Bogota’s homeless people are being fed poisoned food, the human rights office of Colombia’s capital told the city council on Tuesday.
The capital district’s human rights coordinator, Carmen Teresa Castañeda told the council that several human rights officials have received complaints about the allegedly intentional poisoning of street dwellers.
“We know … that through the indiscriminate provision of food to these people they are being given poison and harmful substances,” Castañeda was quoted as saying by newspaper El Tiempo.
The human rights official said her office is investigating who is distributing the poisoned food. She did not say how many people have been poisoned so far and whether people have died.
“I want to have the evidence that allow me to come out and strongly make these claims, but in the meantime I want to call for attention,” said Castañeda.
Bogota’s homeless problem has become a major pain in the neck for Mayor Enrique Peñalosa, which only seems to be getting worse.
The mayor tried the hard-line approach, evicting a sector in the city center called The Bronx that had become Colombia’s most infamous drug dealing area.
However, the operation that was supposed to be a PR success back-lashed.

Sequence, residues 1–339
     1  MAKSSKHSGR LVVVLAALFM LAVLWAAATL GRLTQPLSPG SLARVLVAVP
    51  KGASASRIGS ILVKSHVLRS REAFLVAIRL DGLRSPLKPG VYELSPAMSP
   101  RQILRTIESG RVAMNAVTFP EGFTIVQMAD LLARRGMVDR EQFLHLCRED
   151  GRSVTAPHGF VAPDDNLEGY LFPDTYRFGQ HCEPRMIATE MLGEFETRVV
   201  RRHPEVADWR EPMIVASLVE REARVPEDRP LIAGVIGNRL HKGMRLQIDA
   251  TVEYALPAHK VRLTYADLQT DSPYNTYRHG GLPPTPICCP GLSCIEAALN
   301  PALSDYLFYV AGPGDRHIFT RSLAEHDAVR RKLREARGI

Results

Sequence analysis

Almost immediately after the mass eviction, inhabitants from areas around the Bronx began complaining that large groups of homeless people and drug addicts began appearing.
Bogota police sweep addicts out of Bronx … and into Plaza de España
Then, officials from cities around Bogota rang the alarm that homeless people from Bogota suddenly began appearing in their cities. In some of these cases government officials said Bogota authorities were involved in the mass transport of “undesirables.”
Bogota’s solution to homeless problem: Put them on the bus to other cities
Peñalosa is now facing criminal charges of forced displacement and other human rights violations filed by leftist opposition House Representative Alirio Uribe, also a human rights advocate.
Bogota, a city of seven million, has long dealt with a problem of homelessness. This problem has been fueled by Colombia’s ongoing armed conflict, which has displaced hundreds of thousands of homeless families to the capital.
The city also has a long and cruel history of “solving” homelessness, for example through “social cleansing,” a euphemism for assassinating homeless people.